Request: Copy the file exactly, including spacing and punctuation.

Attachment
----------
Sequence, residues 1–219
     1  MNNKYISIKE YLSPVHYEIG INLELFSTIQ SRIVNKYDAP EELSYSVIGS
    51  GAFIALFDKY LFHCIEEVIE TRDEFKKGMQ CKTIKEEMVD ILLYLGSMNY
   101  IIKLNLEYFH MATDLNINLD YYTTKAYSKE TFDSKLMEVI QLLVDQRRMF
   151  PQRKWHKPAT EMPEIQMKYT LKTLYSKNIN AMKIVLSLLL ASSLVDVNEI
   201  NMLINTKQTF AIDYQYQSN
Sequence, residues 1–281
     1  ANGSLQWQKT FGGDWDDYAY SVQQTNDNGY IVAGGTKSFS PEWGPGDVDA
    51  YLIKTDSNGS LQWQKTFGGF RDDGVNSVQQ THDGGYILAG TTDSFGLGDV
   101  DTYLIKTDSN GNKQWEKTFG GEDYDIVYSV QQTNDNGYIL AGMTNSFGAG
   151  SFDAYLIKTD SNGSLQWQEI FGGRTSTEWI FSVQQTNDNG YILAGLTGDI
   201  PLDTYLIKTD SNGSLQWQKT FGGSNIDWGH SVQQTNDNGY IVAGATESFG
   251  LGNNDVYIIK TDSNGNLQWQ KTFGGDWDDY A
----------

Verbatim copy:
Sequence, residues 1–219
     1  MNNKYISIKE YLSPVHYEIG INLELFSTIQ SRIVNKYDAP EELSYSVIGS
    51  GAFIALFDKY LFHCIEEVIE TRDEFKKGMQ CKTIKEEMVD ILLYLGSMNY
   101  IIKLNLEYFH MATDLNINLD YYTTKAYSKE TFDSKLMEVI QLLVDQRRMF
   151  PQRKWHKPAT EMPEIQMKYT LKTLYSKNIN AMKIVLSLLL ASSLVDVNEI
   201  NMLINTKQTF AIDYQYQSN
Sequence, residues 1–281
     1  ANGSLQWQKT FGGDWDDYAY SVQQTNDNGY IVAGGTKSFS PEWGPGDVDA
    51  YLIKTDSNGS LQWQKTFGGF RDDGVNSVQQ THDGGYILAG TTDSFGLGDV
   101  DTYLIKTDSN GNKQWEKTFG GEDYDIVYSV QQTNDNGYIL AGMTNSFGAG
   151  SFDAYLIKTD SNGSLQWQEI FGGRTSTEWI FSVQQTNDNG YILAGLTGDI
   201  PLDTYLIKTD SNGSLQWQKT FGGSNIDWGH SVQQTNDNGY IVAGATESFG
   251  LGNNDVYIIK TDSNGNLQWQ KTFGGDWDDY A